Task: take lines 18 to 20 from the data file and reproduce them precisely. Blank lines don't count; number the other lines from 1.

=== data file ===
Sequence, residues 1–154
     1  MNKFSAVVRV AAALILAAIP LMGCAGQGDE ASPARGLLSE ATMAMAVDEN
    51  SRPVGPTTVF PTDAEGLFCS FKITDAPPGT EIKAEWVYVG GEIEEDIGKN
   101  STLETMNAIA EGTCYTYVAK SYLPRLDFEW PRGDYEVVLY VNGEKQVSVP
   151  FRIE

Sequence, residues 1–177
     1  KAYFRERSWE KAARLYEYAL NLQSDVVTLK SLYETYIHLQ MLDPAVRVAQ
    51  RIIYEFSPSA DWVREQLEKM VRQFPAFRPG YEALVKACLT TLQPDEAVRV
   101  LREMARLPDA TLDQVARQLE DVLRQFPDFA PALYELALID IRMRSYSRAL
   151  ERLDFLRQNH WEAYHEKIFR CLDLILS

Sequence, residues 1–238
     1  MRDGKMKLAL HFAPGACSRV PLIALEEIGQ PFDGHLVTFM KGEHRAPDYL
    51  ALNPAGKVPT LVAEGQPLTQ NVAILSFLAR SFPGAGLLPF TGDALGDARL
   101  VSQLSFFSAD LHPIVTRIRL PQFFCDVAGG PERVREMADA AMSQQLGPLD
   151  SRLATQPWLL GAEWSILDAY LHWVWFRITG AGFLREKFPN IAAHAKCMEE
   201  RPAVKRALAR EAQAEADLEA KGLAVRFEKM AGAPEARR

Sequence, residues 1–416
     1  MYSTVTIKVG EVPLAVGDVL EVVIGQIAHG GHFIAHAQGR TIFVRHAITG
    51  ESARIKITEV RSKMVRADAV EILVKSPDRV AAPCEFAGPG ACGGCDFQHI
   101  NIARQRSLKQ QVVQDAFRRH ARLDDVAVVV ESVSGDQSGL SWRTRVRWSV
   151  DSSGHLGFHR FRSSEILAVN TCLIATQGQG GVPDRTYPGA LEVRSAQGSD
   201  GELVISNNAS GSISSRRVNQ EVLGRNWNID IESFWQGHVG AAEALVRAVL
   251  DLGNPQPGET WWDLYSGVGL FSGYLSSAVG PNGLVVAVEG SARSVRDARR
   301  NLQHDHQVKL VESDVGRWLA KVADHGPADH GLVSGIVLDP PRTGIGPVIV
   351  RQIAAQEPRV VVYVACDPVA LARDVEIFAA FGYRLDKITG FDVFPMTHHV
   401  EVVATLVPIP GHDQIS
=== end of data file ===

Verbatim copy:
     1  MYSTVTIKVG EVPLAVGDVL EVVIGQIAHG GHFIAHAQGR TIFVRHAITG
    51  ESARIKITEV RSKMVRADAV EILVKSPDRV AAPCEFAGPG ACGGCDFQHI
   101  NIARQRSLKQ QVVQDAFRRH ARLDDVAVVV ESVSGDQSGL SWRTRVRWSV